Wednesday, September 16, 2009

The Return of Dr. Feelgood

If the president isn't careful, he's going to get the nickname Dr. Feelgood. And, while some may think of Obama as more like Faust than Dr. Feelgood, he's certainly working hard to pacify, and appease those special interest groups he was elected to vigorously oppose.

With the announcement today of FBI chief, Robert Mueller, that rendition of detainees won't happen on his watch, and the appeasement of congressional Republicans implicit in limiting medical malpractice lawsuits, it seems that the president sees his task as that of trying to make everybody feel good.

The health industry isn't the only lobby that had a good day. The gun lobby has cause to celebrate the Senate's passage of a measure that will allow passengers on Amtrak to exercise their so-called Second Amendment rights by packing a handgun in their suitcase. But, what would George Washington, John Adams, Ben Franklin, and Thomas Jefferson have to say if they were magically transported through time, and allowed to attend last weekend's teabagger rally? Would they get behind throwing raw meat at the National Rifle Association--a quid pro quo, but for what?

The view from Kabul, Afghanistan's capital, or from the Helmond Province, might give pause to reflect on the greatest natural resource of that area, and one that has been exploited by Taliban, and Afghani police alike, a region from whence 80% of the world's heroin originates.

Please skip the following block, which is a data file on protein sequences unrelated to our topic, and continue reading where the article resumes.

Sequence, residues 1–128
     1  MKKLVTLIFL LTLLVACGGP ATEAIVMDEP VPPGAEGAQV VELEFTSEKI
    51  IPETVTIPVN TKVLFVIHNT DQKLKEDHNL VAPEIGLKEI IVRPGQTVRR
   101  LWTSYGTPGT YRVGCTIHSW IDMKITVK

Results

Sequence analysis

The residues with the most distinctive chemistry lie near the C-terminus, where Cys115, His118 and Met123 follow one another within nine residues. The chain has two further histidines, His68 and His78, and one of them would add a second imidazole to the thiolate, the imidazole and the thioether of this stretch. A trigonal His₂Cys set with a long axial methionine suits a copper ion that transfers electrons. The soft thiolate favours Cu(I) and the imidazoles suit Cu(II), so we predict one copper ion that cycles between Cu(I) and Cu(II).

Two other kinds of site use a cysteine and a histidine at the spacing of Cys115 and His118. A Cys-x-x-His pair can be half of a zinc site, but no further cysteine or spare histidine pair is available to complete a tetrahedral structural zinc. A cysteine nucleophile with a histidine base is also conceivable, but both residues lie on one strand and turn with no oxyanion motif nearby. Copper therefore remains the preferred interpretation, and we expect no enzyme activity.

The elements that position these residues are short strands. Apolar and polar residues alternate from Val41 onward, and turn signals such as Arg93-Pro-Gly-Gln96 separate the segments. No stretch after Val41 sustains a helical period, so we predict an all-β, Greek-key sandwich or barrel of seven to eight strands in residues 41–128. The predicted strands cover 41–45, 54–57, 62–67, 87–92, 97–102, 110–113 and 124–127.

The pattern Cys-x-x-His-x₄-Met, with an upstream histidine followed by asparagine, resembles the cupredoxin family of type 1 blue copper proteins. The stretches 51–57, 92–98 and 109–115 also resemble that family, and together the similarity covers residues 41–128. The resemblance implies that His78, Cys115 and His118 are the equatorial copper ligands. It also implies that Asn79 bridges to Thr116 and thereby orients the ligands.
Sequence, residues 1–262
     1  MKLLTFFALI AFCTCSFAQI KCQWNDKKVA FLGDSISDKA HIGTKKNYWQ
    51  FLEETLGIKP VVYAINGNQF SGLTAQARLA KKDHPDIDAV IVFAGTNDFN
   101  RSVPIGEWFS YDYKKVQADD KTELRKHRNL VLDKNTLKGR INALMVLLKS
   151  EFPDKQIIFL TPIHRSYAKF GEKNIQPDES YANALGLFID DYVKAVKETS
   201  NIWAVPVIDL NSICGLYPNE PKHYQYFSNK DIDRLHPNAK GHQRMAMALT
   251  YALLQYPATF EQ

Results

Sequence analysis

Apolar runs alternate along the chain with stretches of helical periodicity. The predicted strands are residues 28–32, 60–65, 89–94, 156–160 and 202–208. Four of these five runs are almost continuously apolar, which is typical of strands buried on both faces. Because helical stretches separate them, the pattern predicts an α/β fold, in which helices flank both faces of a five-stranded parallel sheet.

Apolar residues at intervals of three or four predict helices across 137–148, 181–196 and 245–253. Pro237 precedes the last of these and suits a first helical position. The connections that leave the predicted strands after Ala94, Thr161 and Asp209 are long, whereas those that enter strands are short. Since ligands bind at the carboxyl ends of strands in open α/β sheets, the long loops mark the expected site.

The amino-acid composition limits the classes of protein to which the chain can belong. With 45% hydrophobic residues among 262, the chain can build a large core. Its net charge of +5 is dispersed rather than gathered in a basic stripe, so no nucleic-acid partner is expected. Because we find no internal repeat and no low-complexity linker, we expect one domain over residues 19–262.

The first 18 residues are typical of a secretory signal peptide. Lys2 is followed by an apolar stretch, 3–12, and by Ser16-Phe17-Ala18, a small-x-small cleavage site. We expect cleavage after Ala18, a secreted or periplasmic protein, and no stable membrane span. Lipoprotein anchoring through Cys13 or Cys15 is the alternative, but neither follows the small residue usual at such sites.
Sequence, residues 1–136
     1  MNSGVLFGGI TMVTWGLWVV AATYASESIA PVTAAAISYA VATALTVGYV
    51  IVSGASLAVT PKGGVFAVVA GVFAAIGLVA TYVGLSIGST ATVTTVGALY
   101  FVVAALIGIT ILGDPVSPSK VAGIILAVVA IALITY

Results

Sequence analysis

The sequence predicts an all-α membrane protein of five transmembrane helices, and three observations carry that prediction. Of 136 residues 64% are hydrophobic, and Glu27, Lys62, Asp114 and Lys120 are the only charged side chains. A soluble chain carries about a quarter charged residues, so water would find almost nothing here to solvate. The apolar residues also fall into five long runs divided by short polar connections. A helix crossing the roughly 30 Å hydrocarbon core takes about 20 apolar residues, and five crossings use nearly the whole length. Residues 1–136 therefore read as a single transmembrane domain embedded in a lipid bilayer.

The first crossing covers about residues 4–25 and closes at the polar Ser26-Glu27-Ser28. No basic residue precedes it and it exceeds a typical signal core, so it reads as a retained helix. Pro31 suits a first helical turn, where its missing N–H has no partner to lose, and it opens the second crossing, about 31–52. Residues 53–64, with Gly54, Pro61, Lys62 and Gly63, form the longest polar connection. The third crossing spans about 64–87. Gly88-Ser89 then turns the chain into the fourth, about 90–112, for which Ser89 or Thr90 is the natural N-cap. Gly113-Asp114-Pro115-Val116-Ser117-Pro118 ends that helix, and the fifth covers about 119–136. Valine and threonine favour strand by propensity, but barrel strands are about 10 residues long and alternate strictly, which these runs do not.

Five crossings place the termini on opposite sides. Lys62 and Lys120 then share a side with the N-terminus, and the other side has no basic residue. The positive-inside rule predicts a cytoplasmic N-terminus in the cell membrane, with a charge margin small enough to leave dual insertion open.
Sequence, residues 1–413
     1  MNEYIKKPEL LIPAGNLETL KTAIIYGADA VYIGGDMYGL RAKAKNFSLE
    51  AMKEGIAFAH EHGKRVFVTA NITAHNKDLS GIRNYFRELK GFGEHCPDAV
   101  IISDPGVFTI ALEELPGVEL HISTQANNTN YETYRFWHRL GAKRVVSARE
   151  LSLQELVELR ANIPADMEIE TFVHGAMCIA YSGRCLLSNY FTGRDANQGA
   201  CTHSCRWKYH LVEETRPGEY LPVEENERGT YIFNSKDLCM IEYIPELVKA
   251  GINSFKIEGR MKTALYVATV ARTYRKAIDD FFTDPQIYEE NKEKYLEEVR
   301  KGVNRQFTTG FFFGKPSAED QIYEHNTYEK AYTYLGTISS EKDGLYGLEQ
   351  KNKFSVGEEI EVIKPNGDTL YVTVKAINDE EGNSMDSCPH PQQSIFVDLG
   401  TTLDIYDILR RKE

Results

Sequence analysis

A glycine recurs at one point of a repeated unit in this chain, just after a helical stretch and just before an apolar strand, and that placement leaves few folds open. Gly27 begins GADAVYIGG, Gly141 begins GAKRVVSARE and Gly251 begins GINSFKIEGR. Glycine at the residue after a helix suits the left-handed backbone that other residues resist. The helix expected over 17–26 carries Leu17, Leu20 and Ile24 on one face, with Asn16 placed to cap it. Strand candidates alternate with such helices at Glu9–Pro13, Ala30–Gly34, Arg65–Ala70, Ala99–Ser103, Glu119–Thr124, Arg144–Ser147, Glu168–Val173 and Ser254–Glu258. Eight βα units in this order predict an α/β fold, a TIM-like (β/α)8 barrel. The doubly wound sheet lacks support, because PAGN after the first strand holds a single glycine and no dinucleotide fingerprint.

While this administration is still in its infancy, one can't help but think that what we are seeing is more of a massage than a substantive, and bold move in a new direction.

To be effective, sooner or later any leader must learn that you're going to have to come out on one side or the other, and not capitulate to the same forces one was elected to fight.

Privatizing medical care hasn't worked for generations as evidenced by overpopulation of emergency rooms in county run hospitals. Sooner or later, we're all going to pick up the tab just as we've picked up the tab to rescue the banks, Wall Street, and the oil companies, only to watch their profits grow seismically.

No one is questioning that the road ahead is fraught with danger, but weaving from left to right isn't going to do much of anything except create the illusion of avoiding a road hazard. The object in the middle of the road isn't going anywhere. It's up to the driver to move.

Franklin Delano Roosevelt knew that. FDR didn't care about walking a middle line to please both sides. He didn't care about making anybody feel good. He saw a broken economy, and tried to fix it. He saw lots of people out of work, and tried to change that. He saw runaway wealth, and corporate carpetbagging, and worked for regulation while recognizing the need to deconstruct, not reward those whose only concern was profit.

In Obama, we have among the most competent presidents since FDR and, just as the stock market undergoes corrections, so must this presidency.

The president's support of faith based initiatives which pose a constitutional challenge to the separation of church and state gives cause for concern as does his acceptance of George W. Bush's state secrets defense, and diehard notion of executive privilege. He needs to stand his ground both as a constitutional lawyer, and as one who most certainly recognizes the moral imperative in defending those most needy, and refrain from the politics of appeasement as there are some beasts that can never be appeased.